Closed questions may ask the participant to agree or disagree with a statement, rate their level of satisfaction, select from a list what attributes are most important or best describe the benefit they get from using your product or service, or their motivation for first trying your product.
There are also open-ended questions. These questions allow a user to answer in their own words. Use open-ended questions sparingly, and never use them as a surrogate for qualitative research.
Open-ended are best seen as questions that allow a survey participant to elaborate on the response they provided to a closed-ended question. "Why did you say...?" Providing a frame of expectation is very useful when crafting questions. Show that you value your users time, by saying "In a few sentences, why did you say..." Set that you have the expectation of a few sentences, you're not expecting a sequel to War and Peace.
Third, you can analyze user feedback. This is an especially effective way to identify user needs, as a lot of feedback directly involves issues with unmet needs. Such feedback can be collected through various channels such as online reviews, social media posts, and automated user support chats. By studying such feedback sources, your startup can uncover common issues, complaints, and desires that current users have, which can inform product or service enhancements... but always remember that these feedback are helping you understand what makes your current user tick, and be ticked off. It doesn't provide insights on how your product can meet the needs of potentially new users.
Markets Matter: Don't forget
Whatever method you apply, it's important to recognize that needs differ by market.
If you conduct a survey in Germany, you have insights on German users, not all your users.
A user need that is most important in Germany may not, for example, be as important in Indonesia. It's important therefore to conduct user research often, and across markets.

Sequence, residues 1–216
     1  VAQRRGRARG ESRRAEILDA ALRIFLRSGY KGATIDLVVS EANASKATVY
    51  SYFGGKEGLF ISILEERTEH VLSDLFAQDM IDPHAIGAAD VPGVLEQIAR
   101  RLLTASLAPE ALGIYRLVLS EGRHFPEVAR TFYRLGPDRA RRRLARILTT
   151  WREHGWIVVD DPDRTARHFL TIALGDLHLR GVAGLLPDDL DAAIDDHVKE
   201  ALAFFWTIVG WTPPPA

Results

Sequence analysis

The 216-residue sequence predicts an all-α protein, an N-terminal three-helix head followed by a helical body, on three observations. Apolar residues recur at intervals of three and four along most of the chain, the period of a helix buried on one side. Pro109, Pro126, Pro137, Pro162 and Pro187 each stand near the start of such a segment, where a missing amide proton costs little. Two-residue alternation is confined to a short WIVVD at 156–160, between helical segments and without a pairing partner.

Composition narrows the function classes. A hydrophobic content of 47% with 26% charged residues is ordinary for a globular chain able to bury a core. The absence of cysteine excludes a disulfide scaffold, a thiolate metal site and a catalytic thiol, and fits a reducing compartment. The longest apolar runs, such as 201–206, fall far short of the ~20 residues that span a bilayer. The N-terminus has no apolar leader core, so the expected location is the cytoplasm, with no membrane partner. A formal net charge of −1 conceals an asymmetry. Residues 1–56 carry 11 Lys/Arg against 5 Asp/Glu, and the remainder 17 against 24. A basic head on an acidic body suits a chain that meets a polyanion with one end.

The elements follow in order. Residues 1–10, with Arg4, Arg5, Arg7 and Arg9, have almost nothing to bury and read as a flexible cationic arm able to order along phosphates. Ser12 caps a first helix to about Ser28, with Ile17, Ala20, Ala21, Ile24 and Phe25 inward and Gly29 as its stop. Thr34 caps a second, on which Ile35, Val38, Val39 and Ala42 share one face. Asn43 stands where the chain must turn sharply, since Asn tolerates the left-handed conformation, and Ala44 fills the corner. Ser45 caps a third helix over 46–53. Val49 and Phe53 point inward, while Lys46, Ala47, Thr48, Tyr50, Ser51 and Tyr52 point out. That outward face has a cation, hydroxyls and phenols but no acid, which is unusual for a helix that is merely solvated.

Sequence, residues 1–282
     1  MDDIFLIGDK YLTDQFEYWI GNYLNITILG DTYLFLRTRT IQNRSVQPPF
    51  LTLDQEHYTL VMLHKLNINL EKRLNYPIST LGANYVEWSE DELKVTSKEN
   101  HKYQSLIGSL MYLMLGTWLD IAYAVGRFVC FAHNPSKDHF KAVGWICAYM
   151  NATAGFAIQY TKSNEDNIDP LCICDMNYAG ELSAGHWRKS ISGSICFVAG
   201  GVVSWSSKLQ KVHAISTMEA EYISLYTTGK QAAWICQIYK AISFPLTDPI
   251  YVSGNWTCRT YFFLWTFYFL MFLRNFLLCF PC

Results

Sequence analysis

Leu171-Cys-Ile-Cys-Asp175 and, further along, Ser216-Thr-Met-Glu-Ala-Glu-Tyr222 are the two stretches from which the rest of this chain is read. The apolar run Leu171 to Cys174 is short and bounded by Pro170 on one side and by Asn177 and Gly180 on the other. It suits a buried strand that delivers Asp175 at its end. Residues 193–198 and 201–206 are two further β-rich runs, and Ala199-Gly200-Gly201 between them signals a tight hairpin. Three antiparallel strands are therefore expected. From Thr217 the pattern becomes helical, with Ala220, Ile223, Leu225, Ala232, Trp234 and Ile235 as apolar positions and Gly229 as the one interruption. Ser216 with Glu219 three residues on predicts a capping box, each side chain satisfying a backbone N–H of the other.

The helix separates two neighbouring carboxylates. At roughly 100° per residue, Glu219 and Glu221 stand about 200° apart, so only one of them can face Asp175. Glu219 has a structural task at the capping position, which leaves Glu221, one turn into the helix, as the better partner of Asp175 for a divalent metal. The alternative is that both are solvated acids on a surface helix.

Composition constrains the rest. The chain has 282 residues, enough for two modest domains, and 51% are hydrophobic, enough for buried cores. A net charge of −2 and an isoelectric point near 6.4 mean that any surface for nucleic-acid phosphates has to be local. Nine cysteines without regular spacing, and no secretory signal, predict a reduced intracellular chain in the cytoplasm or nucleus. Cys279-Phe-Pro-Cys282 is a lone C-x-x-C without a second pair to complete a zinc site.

By getting under the hood in your various target markets, and recognizing the challenges or problems users face there, and understanding their desired outcomes, your team can design better user centered solutions that meet user unmet needs. And, by addressing these unmet needs, and responding to them efficiently, can lead to not only increased user satisfaction, loyalty, but also a path toward sustained user growth.
Remember, all you really have to do is take some time and listen.
Listening is the key to success when it comes to understanding your users.
Types of User Needs
When it comes to understanding users, and building sustainable user growth, it is crucial to identify and meet unmet needs.
Just as there are several ways you can begin to understand users, there are several broad types of user needs that startups should consider.
Functionality is a basic requirement for any product or service.
A product needs to meet a particular utility.
Functionality can take many forms, from reliability to portability. For example, if a user selects a messaging platform for their business, their functionality needs will no doubt include reliability of service. A service that is always crashing just isn't going to meet a user's need. Likewise, a handheld device to be used by deskless workers will need to have great portability to meet its functional needs.
Trust and Safety
Beyond functionality, users need to feel safe and have a sense of trust in a product or service, and its associated Brand. For example, a user may decide not to adopt a particular app because the password length asked for during sign-up is not long enough to allow them to feel confident and happy about sharing their data with the product or service.
Social desirability may seem a weird unmet user need, but we all seek to 'fit in', and for a sense of belonging, affiliation, and recognition. A user, for example, may apply a particular product or service to show they belong to a certain social group, or to have certain a particular socio-political worldview, such as valuing a their local community or a particular political party/ideology.
Every user is unique.
It's so important to remember that we are all different, so each person will have their own individual needs and preferences. Such needs can be driven by hobbies, personal interests and lifestyle choices. For example, a user who is passionate about anime may have specific needs for getting greater utility from a favorite social media app or streaming service.
By understanding user needs - met and unmet- and determining how best to cater to these various types of user needs, startups can develop products and services that truly meet the demands of their target markets.
Understanding users isn't easy.
It's repetitive, it's not sexy, and it takes time. But, the time taken is so rewarding as it allows you and your team to build a product or service people actually want: a product or service that users will apply to help solve a real-world problem.
So, do you understand your users?
If not, what are you waiting for?
Go get listening!